March 04, 2011

Pinochle Pattern Mixing and the Meaning of Professorial Compliments

Aqua cashmere cardigan
J.Crew Annalise ruffle cami
Anthropologie Pinochle skirt
Spanx tights
Chie Mihara t-straps

I picked this out the night before which means that I paired somewhat mismatched pieces with intention rather than with grogginess. And I will admit that I sort of chickened out by throwing a safe cardigan on top.

But I do believe the patterns work well together. The tiny hearts of the J. Crew top are subordinated by the bold silliness of the Pinochle Skirt's playing cards. I was hesitant to wear this to campus because last time it garnered a lot of student and faculty attention/comments. They were all complimentary but that this provoked so many comments made me come to think of it as, well, provocative.

I commented on In Professorial Fashion that I am still figuring out what types of clothes translate as "pulled together" and which of them become too much of a focal point. Every semester at least one student comments on my style (favorably) in the course evaluations. It is one thing to be complimented day to day, in the preceding or post-class business time. But to warrant remarks in the evals mean that my clothes speak at a louder volume than I want.

Those of you who are in the college classroom, do you receive remarks on your clothes from students or faculty? If so, how do you interpret the remarks. In my graduate program, I got a lot of compliments and comments on my attire that I accepted graciously, without much reflection. But now that I am in a new environment (out of my old comfort zone) people seem more surprised by the way I dress. And I feel a little more self conscious whenever I provoke comments. Is this just normal new person insecurity? Am I over-thinking it? Do you think there is a difference between in-class, in-person comments and comments in evaluations?


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Camilla said...

I am a Ph.D student at pitt but currently working in a different university to finish up my work. I feel like I am one of the best put-together (clothes and makeup) student around my program and feel like people will judge me as a lazy self-indulgent grad student. There is a sharp contrast between my fellow grad students (sleepy and grungy) and me and I dont like to stand out or draw attention like that. But I also like to dress and put on a little bit of makeup so I always have a hard time finding a balance. Life!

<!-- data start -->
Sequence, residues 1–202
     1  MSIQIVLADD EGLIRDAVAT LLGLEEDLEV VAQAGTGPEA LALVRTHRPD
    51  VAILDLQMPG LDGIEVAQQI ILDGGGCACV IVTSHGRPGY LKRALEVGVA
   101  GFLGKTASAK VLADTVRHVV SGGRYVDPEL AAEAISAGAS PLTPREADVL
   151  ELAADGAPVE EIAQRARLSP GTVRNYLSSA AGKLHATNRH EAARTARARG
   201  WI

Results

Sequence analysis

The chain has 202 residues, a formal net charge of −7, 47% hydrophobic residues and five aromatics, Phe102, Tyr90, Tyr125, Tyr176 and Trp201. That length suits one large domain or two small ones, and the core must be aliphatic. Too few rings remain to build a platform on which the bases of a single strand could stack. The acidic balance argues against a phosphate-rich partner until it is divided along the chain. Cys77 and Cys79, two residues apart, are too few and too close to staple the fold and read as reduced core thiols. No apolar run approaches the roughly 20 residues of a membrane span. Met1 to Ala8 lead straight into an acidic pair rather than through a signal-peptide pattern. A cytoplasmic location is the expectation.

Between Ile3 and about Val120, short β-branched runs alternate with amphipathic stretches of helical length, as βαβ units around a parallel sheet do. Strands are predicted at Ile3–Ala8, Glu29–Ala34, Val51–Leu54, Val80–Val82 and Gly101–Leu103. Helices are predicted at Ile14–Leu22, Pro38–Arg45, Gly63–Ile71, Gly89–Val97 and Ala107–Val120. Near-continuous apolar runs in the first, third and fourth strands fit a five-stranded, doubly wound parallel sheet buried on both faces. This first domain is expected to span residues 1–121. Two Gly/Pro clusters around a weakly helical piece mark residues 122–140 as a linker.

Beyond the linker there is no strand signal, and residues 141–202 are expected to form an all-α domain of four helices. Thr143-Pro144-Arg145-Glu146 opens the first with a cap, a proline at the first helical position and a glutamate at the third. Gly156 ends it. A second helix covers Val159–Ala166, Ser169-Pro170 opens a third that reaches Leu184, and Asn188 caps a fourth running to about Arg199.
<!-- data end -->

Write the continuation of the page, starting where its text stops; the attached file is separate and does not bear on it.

whatjesslikes said...

I personally don't think what you wear would cause negative judgment. I understand how you can have that fear though. If I was a student in your class, I would likely find you more interesting (to learn from) and approachable in regards to learning. Has anyone in your faculty mentioned your clothing choices to you?

I must stress though that the comments in the evaluations are strange...I wonder what they are thinking to comment on that.

Thanks for the tip about the trade market, I should look into that!

whatjesslikes said...

While I am not working in a classroom, I do remember in university, I had one professor who dressed up more then others and always had awesome shoes. We felt close enough to her that we would compliment her on her outfits and shoes, and it was not awkward. I would not mention it on an evaluation, but I would not take it as a negative thing. I honestly found it great that she took the time to present herself nicely, rather then how some of the other professors and teachers would. That skirt is awesome too! My family grew up playing pinochle, and I always kick myself for missing out on this skirt.

Cynthia said...

Man, there ought to be a class where students learn that personal appearance comments (unless performance-related) are not appropriate for professional evaluation. Good lord. They'll have to learn it sometime so they don't learn it in a lawsuit.

On the other hand, I get verbal comments from students about my clothes (or my purple boots) sometimes and I just say "thank you" and move on. I'm comfortable enough with my female colleagues that we sometimes have conversations about self-presentation. I started dressing more "up" partly because the graduate coordinator who technically reports to me was looking more put-together than I was when we went on recruiting trips together. Can't have that.

Marina said...

This is a tricky question. I have the same skirt and I have worn it to teach without any hesitation whatsoever. While I haven't done evaluations in the last six years (since tenure), I get some nice complements from both faculty and students on my attire and being pulled together.

I first started teaching 13 years ago at my current institution, and at that time the climate was different. My dept. was filled with older women who wore shapeless clothes which resembled sacks. I used to get many comments which had a distinctly derisive tone. Then the older faculty started to retire, younger and more stylish people come in, and I am not such an anomaly anymore. I have been promoted twice and serve as a delegate-at-large to the union.

With regard to new place insecurities, it's completely normal. You will find your identity there. I don't know your situation, but as I mentioned to you before, tenure makes a heck of a difference.

That being said, I have some self-imposed parameters:

No skinny jeans
No jeans with fading/rips
No above-the-knee skirts without tights
No above-the-knee skirts with heels
Nothing that suggests cleavage

I would be glad to talk with you about this more over email if you like.


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